Searches

One of the amusing things about WordPress is the way the dashboard tracks search terms which landed somebody on your (my) blog.

I get a lot concerning bunk beds, which currently turns up #1 for a Google search of bed post rail bolt hidden. I occasionally get hits concerning popeye, like popeye and i am god (currently I’m the second result from Google on this search). I draw in a bunch of the Dr. Atkins and Dr. Ferber crowds, with searches like atkins “kidney stone” (Google page 2) and how to coax babies who cry in middle of night (I couldn’t find Blogorrhea within the first 10 pages returned from this as a Google search, but there are other search engines).

Some turns of phrase turn up 1st in a Google search (should anybody ever search for them), like Calvinist Castle, and gently electrified bags of meat, and reasonable egotist.  Although Blogorrhea doesn’t show up unti page 2, I am the one and only RubeRad.

Oddly, people often stumble onto my blog looking for other people. Most of my frequent readers can probably understand why my blog would turn up in a search for Jeff K., Doug Balcombe, Bruce Settergren, or simplyconnect, but who is Nathan Lino?

It’s been a particularly busy week for Christian musichymns in particular. There was a time when I kept getting hits for dem bones sheet music (currently Bible for Boys is on page 5 of the previous linked Google search), no doubt because of that one mention of ‘dem bones’, and my frequent use of ‘sheet music‘). In the last week people found me through all of the following (you can paste any of these into the Blogorrhea search box up yonder if you are curious about which post they caught):

  • worship songs da vinci sermon
  • christian song tune of ode to joy
  • thine the deadly pain
  • framed hymns
  • best hymn
  • lyric “O God Beyond All Praising”
  • wedding hymns to a different tune
  • dont sing a worship song to your girlfriend
  • “we are the circumcision” lyrics [I’m first!]

It’s amusing to think of what is going on in other people’s lives to cause them to conduct these searches. So whoever you are, here are the lyrics to “we are the circumcision”, which are just Phillipians 3:3, verbatim from the King James:

We are the circumcision, which worship God in the spirit (2x)

And rejoice in Christ Jesus, and have no confidence in the flesh (2x)

(47x)

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13 Responses

  1. How do you know what searches are turning your blog up?

  2. Very cool. Thanks.

  3. When you are logged into your WordPress blog, click on “My Dashboard”, leftmost in the upper stripe, and then click “Blog Stats”. At the bottom of that page you will see the past two days’ worth of search terms. Clicking on the words “Search Engine Terms” takes you to a place where you can view a 7-day report.  Hits per post are also maintained, and you can see 7- and 30-day reports.  I’m not sure if this data is persisted, or if it just rolls off after 30 days.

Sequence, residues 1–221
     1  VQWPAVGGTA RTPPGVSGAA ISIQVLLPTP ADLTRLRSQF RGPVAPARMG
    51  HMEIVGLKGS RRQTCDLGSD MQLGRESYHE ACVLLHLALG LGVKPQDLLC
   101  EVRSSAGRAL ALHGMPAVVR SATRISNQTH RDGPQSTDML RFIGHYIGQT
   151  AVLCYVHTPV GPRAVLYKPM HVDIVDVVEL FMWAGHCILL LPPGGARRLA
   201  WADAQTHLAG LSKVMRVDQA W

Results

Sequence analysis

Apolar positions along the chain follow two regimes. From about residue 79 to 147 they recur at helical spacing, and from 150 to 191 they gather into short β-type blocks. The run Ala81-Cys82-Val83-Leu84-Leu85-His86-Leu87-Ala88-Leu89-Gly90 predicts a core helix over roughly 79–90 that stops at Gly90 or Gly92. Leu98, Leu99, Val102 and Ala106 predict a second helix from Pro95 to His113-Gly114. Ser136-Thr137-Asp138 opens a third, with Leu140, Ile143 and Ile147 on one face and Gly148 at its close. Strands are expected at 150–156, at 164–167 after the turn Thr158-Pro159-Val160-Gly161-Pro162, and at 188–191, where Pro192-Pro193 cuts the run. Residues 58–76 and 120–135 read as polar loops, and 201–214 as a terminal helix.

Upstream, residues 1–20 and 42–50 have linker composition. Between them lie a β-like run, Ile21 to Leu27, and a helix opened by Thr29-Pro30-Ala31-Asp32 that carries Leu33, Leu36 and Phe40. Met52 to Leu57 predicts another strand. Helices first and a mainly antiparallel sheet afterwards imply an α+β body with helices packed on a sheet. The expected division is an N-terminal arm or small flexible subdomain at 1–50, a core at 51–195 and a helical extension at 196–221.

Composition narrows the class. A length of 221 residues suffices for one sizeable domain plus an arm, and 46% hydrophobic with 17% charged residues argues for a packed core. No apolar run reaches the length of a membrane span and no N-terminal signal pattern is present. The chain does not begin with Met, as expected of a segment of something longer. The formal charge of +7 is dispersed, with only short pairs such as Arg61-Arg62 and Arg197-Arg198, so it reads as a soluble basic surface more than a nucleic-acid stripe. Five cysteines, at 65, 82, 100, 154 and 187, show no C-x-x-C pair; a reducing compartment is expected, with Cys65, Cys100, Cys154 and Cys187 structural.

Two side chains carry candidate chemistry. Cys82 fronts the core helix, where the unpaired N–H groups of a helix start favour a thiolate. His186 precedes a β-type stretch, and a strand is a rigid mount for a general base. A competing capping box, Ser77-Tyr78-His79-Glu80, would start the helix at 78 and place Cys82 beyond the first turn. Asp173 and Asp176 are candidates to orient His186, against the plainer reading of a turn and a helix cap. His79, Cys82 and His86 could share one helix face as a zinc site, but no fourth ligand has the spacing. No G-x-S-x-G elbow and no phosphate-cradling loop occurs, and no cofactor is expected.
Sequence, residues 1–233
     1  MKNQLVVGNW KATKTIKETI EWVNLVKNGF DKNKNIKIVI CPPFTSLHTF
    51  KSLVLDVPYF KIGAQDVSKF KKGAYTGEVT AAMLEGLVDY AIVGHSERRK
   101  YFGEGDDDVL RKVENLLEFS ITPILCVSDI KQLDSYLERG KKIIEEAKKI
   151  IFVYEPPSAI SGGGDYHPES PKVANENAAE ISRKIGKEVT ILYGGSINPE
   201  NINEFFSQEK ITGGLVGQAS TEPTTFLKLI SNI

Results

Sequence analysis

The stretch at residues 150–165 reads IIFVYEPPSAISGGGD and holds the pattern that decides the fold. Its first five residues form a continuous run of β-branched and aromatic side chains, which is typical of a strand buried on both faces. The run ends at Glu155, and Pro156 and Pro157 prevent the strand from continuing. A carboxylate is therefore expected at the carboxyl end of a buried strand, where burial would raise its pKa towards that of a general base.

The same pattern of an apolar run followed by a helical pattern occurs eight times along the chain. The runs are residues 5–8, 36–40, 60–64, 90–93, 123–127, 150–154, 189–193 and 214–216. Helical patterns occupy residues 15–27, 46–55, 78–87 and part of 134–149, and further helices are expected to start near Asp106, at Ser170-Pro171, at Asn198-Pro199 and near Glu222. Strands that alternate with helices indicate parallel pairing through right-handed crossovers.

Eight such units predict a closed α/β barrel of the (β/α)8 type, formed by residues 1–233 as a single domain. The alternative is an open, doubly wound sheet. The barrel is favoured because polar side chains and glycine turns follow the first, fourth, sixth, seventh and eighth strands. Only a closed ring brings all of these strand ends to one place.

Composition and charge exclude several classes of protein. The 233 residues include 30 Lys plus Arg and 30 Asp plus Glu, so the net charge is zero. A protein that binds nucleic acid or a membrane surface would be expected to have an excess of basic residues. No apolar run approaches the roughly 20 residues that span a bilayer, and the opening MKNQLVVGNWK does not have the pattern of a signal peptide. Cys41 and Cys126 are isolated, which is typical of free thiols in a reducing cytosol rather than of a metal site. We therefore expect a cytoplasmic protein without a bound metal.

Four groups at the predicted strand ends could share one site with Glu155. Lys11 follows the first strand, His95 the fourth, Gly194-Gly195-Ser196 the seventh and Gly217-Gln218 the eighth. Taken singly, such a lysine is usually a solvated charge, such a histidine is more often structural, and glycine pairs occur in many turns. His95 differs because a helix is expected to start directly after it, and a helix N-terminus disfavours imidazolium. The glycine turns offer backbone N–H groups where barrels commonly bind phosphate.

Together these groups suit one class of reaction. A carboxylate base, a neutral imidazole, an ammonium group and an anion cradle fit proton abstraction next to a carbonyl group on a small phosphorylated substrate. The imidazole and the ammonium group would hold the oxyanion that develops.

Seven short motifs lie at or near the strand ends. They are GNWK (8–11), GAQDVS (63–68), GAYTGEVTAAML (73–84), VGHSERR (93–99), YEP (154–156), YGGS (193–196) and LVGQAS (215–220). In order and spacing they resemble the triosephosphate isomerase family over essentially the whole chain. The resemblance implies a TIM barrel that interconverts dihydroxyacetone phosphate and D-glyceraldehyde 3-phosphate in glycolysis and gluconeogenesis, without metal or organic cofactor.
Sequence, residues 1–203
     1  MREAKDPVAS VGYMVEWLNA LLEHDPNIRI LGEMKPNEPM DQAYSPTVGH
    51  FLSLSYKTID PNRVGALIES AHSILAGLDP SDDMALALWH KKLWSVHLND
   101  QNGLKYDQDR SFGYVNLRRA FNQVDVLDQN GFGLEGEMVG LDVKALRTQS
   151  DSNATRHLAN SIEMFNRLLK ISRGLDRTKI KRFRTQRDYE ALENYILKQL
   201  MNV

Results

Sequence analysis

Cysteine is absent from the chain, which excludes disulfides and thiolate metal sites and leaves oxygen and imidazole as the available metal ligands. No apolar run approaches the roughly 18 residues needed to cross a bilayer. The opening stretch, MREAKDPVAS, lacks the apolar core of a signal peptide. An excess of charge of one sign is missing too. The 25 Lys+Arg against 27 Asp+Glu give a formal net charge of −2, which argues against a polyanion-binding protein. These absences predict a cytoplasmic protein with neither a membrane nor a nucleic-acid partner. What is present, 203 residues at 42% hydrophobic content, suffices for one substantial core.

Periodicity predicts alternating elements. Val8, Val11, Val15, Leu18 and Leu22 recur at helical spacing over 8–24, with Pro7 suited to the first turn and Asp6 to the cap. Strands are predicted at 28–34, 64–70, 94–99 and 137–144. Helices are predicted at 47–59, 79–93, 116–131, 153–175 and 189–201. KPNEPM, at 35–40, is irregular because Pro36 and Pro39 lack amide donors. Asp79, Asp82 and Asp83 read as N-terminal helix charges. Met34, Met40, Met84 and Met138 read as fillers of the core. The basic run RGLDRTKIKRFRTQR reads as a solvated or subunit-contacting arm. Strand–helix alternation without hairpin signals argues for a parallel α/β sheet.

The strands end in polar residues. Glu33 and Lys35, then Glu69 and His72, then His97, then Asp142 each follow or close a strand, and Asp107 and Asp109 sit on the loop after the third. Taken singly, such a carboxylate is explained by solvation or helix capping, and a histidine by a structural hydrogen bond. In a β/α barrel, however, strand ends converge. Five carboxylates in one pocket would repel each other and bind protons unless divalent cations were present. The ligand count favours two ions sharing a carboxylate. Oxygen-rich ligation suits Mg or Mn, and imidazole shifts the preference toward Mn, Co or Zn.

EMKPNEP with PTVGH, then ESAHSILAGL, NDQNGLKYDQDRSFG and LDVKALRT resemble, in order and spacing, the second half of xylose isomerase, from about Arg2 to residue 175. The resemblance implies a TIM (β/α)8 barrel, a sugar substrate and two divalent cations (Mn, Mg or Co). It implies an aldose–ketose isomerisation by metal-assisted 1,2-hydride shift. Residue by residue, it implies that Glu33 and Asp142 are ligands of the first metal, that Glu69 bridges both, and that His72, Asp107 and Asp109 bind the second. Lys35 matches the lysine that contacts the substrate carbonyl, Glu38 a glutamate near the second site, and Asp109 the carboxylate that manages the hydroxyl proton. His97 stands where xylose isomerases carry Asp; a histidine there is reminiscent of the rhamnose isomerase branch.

I’ll see whether I can reach your blog via Google, and maybe you’ll get some hits in there!

  4. Sorry dude, I couldn’t find it with Google or Technorati — maybe after you have a few posts up, the search engine spiders will crawl through and catalogue it…

  5. My classnotes.wordpress.com has been up for 4 months and has zero hits, not that I care.

  6. Well that’s not literally true. I’ve looked at it 2 or 3 times. If you go into My Dashboard — Presentation — Sidebar Widgets and install a Blog Stats widget, I bet you will see that you have gotten at least a dozen hits. As for search engine hits, well, you just don’t really have any text that’s searchable.

    If somebody were to search for intrusion ethics sheet music (I know that’s kind of cheating), they’d find you at blogspot. Hey, that gives me an idea. We should write a hymn titled “Intrusion Ethics”, and distribute sheet music! It will be a best-seller, right behind “In affairs of economics, prophet Amos spoke the word…”

  7. I was referring to search engine hits. And I have a lot of text that’s searchable. Isn’t all text searchable?

  8. Searchable, but not findable unless it is unique (SIP: statistically improbably phrase) or more important (according to the search engine’s criteria) than other sites with the same text.

  9. RubeRad, you really can make me laugh sometimes. :)

  10. I would think Pentateuch class has beaucoup SIPs. Although it is probably true that a statistically insignificant number of people actually care about the Pentateuch.

    So, you are saying I could look at my classnotes blog, locate a SIP and then google it?

  11. How long did it take you to find that SIP? And, should I now have a search hit?

  12. About thirty seconds, and yes.

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